So which one is it?

    It’s not Lester Holt’s fault that Trump and his surrogates can’t or won’t explain themselves. Some myths can’t survive outside the bubble.

  • Fox News’ Sham Effort To Prove Donald Trump Isn’t Lying About Iraq

    Blog ››› ››› MATT GERTZ

    There is no Donald Trump lie better-documented than his constantly repeated falsehood that he opposed the 2003 U.S. invasion of Iraq. During last night’s debate, he was pummeled on the issue by moderator Lester Holt and numerous fact-checkers. Dutifully doing damage control for the Republican nominee, Fox News is now trying to obscure the record, claiming that “history backs The Donald.”

    As numerous fact-checkers have noted, contrary to his claims that he was “totally against the war in Iraq” from the beginning, in 2002, more than six months before the invasion of Iraq, Trump was asked by radio host Howard Stern if he was “for invading Iraq.” He responded, “Yeah, I guess so. You know, I wish the first time it was done correctly.”

    Trump struggled to explain why he keeps lying about this during the September 26 debate as Holt repeatedly pointed out that he had originally supported the war. At one point, Trump claimed that he had done “an interview with [Fox News anchor] Neil Cavuto” which he claimed vindicated him.

    But the Cavuto interview in question has been reviewed by numerous fact-checkers that concluded it did not support his claims to be against the war. Fox News, on the other hand, is ready and willing to use the interview to clear Trump of a months-long campaign of lies.

    An unbylined FoxNews.com article claimed Trump was right, reporting that the January 2003 interview “backs up Trump on Iraq War opposition”:

    After all the clamor for moderators to fact-check the candidates during Monday night's presidential debate, Donald Trump flipped the script on Lester Holt by rejecting his assertion Trump backed the war in Iraq - and history backs The Donald.

    [...]

    Cavuto himself picked up the thread post-debate on Fox Business Network, unearthing the clip Trump referenced, from January 28, 2003 – Nearly two months before the Iraq War began on March 20. In the video, Cavuto asks Trump how much time President Bush should spend on the economy vs. on Iraq.

    “Well, I’m starting to think that people are much more focused now on the economy,” Trump said. “They’re getting a little bit tired of hearing ‘We’re going in, we’re not going in.’ Whatever happened to the days of Douglas MacArthur? Either do it or don’t do it.”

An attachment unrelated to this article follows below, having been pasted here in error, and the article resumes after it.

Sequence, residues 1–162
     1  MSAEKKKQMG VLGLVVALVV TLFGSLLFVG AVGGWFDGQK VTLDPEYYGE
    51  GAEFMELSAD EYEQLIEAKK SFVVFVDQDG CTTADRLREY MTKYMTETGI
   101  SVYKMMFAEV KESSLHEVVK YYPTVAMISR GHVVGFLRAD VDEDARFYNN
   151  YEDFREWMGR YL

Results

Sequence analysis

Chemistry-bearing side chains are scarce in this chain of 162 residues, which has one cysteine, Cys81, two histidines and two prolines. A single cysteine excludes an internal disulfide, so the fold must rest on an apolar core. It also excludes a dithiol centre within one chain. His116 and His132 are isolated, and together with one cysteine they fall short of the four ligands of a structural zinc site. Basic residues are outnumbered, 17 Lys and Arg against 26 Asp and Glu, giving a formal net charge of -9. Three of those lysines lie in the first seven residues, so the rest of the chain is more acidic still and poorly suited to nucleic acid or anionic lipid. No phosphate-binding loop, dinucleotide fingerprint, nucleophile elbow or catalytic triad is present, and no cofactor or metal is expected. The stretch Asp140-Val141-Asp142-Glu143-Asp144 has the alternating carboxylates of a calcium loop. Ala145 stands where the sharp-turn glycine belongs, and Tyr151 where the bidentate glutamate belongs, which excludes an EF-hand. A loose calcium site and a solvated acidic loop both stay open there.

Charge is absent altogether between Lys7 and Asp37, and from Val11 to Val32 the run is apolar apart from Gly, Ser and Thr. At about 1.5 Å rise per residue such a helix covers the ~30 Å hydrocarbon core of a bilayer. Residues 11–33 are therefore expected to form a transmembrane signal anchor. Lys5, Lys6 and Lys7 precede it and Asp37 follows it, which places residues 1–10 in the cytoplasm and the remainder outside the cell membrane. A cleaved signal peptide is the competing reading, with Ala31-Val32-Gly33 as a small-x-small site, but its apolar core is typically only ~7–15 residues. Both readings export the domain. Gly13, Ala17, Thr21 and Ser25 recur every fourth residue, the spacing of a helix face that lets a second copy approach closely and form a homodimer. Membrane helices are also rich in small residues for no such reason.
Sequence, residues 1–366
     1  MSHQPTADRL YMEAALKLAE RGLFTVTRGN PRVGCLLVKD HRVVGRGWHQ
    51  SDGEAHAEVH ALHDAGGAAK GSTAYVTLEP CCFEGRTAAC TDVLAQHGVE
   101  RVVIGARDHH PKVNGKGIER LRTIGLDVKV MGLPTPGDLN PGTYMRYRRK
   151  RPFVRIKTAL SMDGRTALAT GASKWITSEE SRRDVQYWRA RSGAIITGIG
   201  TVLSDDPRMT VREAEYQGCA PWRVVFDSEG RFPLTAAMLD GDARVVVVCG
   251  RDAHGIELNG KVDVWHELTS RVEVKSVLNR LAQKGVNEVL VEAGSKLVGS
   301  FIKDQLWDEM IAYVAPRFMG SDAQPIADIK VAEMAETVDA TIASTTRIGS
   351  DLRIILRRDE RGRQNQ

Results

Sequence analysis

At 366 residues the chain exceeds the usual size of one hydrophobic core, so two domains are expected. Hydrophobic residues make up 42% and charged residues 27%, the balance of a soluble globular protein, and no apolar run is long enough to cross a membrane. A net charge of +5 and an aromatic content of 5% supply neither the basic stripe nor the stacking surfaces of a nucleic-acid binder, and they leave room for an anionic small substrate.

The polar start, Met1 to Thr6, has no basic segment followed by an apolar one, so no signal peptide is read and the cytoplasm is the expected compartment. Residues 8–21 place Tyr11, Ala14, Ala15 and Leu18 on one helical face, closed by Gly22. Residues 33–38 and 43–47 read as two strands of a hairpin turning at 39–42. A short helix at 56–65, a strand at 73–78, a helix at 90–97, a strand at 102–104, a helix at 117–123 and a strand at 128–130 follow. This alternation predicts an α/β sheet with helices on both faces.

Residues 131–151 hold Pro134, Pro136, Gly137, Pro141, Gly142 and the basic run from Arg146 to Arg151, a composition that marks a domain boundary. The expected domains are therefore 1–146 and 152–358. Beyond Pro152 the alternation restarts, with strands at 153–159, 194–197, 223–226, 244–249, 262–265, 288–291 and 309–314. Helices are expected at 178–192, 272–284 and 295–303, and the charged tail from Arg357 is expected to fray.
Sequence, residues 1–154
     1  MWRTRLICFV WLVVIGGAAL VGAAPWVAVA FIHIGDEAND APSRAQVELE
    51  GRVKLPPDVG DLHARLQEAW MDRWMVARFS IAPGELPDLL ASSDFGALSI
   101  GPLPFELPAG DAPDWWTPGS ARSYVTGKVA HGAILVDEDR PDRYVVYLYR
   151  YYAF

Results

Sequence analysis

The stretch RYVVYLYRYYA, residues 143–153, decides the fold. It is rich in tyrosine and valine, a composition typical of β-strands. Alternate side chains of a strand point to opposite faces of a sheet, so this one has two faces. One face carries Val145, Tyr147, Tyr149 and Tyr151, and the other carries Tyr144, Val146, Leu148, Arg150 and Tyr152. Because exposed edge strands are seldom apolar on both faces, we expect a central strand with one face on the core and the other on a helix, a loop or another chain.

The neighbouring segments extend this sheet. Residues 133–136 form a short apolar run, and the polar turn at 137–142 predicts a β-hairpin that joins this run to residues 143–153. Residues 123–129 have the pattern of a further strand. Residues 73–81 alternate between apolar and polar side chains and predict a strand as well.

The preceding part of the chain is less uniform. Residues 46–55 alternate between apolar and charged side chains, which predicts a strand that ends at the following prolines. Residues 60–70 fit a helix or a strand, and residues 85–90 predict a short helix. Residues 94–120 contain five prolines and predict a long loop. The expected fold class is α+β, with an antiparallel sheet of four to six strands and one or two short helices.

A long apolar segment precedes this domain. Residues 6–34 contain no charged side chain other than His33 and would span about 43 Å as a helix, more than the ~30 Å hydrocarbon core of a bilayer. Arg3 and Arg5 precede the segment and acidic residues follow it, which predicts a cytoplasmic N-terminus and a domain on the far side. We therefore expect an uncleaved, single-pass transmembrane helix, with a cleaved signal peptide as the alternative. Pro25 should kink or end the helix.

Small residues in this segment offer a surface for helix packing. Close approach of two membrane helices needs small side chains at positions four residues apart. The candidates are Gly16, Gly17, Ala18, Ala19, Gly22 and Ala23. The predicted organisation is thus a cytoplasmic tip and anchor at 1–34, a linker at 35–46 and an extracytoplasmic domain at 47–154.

Trump continued: “Perhaps he shouldn’t be doing it yet. And perhaps we should be waiting for the United Nations.”

    Fox’s article ignores that Trump’s comments came three months after the war was authorized; that Trump did not explicitly say he opposed the invasion during that interview; or that Trump again did not say that he opposed the invasion in a subsequent interview with Cavuto in March 2003, after the war began, when he said that it “looks like a tremendous success from a military standpoint.”

    BuzzFeed’s Andrew Kaczynski called the Fox article “embarrassing” and “complete bullshit,” noting that fact-checkers had reviewed the “unearth[ed]” clip and concluded that it did not support Trump’s claims, while Fox had framed it “exactly how Trump wanted you to.” Indeed:

    • CNN has reported that Trump “never said [the war] should not be undertaken” during the Cavuto interview, adding, “It wasn't until August 2004 -- 17 months after the invasion began and the war was being widely criticized -- that Trump came out fully against the war.” CNN concluded that Trump had lied about being against the war from the start.

    • Factcheck.org noted that Trump “offers no opinion on what Bush should do” during the January 2003 Cavuto interview, concluding that there is “no evidence” Trump fought against the invasion.

    • The Washington Post FactChecker blog has repeatedly referenced the Cavuto quote, noting that Trump did not take a position on the invasion during that interview and frequently criticizing Trump’s claims about opposing the war from the beginning as “bogus.”

    • PolitiFact pointed out that Trump “didn’t speak against going to war” during the Cavuto interview, concluding that Trump’s claims about opposing the war are false.

    Only Fox News is willing to claim that the Cavuto interview “backs The Donald.” That’s not surprising given their months-long campaign in support of Trump.

  • Lewandowski Has CNN Blessing To Work With Trump, Says He Needs Approval To Answer Our Questions

    Blog ››› ››› OLIVER WILLIS

    Lewandowski

    Former Trump campaign manager Corey Lewandowski refused to answer questions from Media Matters about the ongoing payments he is receiving from the Trump campaign while he serves as a CNN contributor, claiming he can’t answer media questions without network approval. While CNN apparently won’t let Lewandowski talk to the press, the network doesn’t seem to mind him continuing to coordinate with and advise the Trump campaign.

    Media Matters president Bradley Beychok approached Lewandowski at the site of the first presidential debate at Hofstra University in Hempstead, NY, and questioned him about the monthly payments he has been receiving from the campaign.

    In response, Lewandowski said, “You’ve got to talk to CNN because I can’t do any media without getting their approval. So if you can check in with those guys, that’d be great.”